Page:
Drinking water is not only a great way to control energy intake, but helps the kidneys to filter waste too
Drinking water is not only a great way to control energy intake, but helps the kidneys to filter waste too © shutterstock

Promoting & supporting healthy behaviours will reduce obesity and NCDs and keep more kidneys healthy

09th March 2017

The World Kidney Day (9th March) theme for 2017 of: Kidney Disease and Obesity – Healthy Lifestyle for Healthy Kidneys, promotes education on the harmful consequences of obesity and its association with kidney disease, advocating healthy lifestyle and health policy measures that make preventive behaviors an affordable option and life-improving strategy benefiting the 10% of the world’s population living with chronic kidney disease, and the millions at risk of developing kidney failure.

Obesity and Kidney Disease: preventing one will reduce the prevalence of the other

Obesity has become a worldwide epidemic affecting more than 600 million adults worldwide, and the prevalence is projected to increase in coming years: during the next decade a further increase in obesity of 40% or more may occur. Obesity is a well-known risk factor for noncommunicable diseases such as diabetes, high blood pressure and heart disease. A less well recognized (but equally important) complication of obesity and these particular NCDs is chronic kidney disease (CKD).

Kidneys are amazing, and important. Their main job is to filter and remove toxins and excess water from your blood, producing urine. Blood pressure stabilisation, red blood cell production and bones all benefit from the work of kidneys. So if kidneys stop working properly, the symptoms can be life-endangering.

The filters in kidneys can carry an extra load if a few get damaged, but if damage continues, then the kidneys and their function can start failing. If loss of kidney function is detected early and managed well, it can be slowed and sometimes stopped (though not fully cured). Kidney disease can be hard to detect early, particularly in resource poor settings, and if it leads to kidney failure, dialysis treatment or a kidney transplant is required to ensure the body continues to filter waste and prevent toxins building up. People with kidney disease are also at increased risk of cardiovascular disease, and thus premature death.

CKD: the 3rd most rapidly increasing cause of mortality

Obesity may cause chronic kidney disease through various ways. On the one hand, it could contribute to it indirectly, by inducing or worsening diabetes and hypertension, themselves well-recognized risk factors of kidney disease. On the other hand, obesity could also cause kidney damage directly, by placing an unduly high burden on the kidneys over many years (a larger body needs more kidney function after all), and also by causing harmful metabolic changes such as inflammation and oxidation. As a testament to the important role played by obesity in the development of chronic kidney disease, the frequency of the so-called obesity-related glomerulopathy (a term reflecting the microscopic changes found in individuals whose kidneys were damaged by obesity) has increased ten-fold in recent years. Besides its now well-recognized role in the development of chronic kidney disease, obesity has also been shown to be a risk factor for other kidney conditions including kidney stones and cancer. Reducing obesity will improve kidney health and prevent NCDs.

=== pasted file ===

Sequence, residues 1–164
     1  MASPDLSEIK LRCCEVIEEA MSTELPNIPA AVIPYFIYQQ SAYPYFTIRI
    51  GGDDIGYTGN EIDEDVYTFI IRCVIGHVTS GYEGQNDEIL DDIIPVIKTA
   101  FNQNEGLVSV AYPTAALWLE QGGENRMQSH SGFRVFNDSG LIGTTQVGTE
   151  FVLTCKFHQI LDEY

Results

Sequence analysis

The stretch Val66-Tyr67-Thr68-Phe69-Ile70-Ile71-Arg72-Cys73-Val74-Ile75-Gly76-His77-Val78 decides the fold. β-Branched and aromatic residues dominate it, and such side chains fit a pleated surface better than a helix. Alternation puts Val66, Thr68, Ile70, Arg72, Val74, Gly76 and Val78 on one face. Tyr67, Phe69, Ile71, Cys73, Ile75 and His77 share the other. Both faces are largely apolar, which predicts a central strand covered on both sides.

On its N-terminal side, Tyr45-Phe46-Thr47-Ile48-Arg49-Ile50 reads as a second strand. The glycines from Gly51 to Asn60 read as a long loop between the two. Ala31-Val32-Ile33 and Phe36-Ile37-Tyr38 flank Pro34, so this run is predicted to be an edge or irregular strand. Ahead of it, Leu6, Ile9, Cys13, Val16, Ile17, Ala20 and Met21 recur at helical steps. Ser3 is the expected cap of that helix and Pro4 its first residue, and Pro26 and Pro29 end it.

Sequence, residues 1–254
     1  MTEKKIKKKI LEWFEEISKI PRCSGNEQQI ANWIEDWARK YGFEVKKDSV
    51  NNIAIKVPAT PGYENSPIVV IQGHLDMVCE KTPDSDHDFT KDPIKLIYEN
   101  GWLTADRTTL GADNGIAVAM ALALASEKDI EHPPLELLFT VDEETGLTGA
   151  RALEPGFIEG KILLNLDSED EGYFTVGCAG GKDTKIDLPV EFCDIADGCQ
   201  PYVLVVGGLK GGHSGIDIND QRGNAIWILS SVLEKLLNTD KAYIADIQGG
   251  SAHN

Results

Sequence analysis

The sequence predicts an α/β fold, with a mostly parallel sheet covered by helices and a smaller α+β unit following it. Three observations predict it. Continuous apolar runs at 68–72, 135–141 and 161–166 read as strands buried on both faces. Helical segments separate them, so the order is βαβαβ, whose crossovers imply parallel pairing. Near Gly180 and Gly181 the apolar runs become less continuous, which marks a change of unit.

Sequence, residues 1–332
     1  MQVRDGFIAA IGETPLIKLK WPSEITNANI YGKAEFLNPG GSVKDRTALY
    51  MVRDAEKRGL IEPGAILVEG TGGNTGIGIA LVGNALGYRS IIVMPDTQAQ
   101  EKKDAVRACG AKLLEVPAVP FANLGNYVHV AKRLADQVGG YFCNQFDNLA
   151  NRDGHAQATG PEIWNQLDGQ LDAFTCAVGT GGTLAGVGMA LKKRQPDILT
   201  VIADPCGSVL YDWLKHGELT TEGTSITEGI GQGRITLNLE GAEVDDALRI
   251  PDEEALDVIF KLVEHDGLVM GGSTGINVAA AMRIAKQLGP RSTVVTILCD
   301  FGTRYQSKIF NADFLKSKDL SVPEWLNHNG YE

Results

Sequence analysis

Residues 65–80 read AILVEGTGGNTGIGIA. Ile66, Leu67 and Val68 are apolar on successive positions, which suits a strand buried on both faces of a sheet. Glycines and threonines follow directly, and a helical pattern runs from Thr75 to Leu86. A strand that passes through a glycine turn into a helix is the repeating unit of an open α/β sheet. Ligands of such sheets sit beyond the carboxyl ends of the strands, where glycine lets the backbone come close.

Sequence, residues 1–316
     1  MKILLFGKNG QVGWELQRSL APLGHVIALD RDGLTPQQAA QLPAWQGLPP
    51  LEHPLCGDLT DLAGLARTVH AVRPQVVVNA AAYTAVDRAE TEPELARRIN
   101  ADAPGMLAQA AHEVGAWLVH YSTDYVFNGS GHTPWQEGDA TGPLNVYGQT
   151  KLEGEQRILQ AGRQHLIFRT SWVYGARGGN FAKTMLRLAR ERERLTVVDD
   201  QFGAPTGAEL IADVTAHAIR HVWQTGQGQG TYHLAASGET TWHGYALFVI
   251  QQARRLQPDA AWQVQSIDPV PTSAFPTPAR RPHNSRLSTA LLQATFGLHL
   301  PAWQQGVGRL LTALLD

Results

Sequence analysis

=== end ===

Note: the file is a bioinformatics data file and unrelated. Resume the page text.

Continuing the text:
Awareness, prevention and policy regulations are key to kidney health and the fight against obesity

It is now clear that successful weight loss can result in improved control of diabetes and of high blood pressure, and it can lower the risk for developing chronic kidney disease. Patients with chronic kidney disease experience numerous severe complications, such as high risk for heart disease and vascular disease, high death rates, and low quality of life. Given the clear evidence implicating obesity in the development and worsening of numerous illnesses (including kidney diseases), without doubt, prevention and treatment of obesity should be prioritized by individuals, by healthcare providers and by policymakers alike.

Strategies to reduce excess weight and prevent the development of diabetes mellitus, hypertension and cardiovascular disease will reduce the risk of kidney disease.


About the Author

Dr. Csaba Kovesdy, Professor of Nephrology at University of Tennessee Health Science Center, Memphis, TN, US and Chief of Nephrology at the Memphis Veterans Affairs Medical Center. Dr. Kovesdy has joined the World Kidney Day Steering Committee for the 2017 edition of the campaign as expert on the association between kidney disease and obesity.  

World Kidney Day

World Kidney Day is the global awareness campaign that aims to spread the word about the importance of our kidneys to our overall health, and to reduce the frequency and impact of kidney disease and its associated health problems worldwide. Celebrated every year on the second Thursday of March, World Kidney Day has grown dramatically, to become the biggest event focused on kidney health around the world and the most successful effort to raise awareness both with the general public, medical professionals and government health officials about the dangers of kidney disease.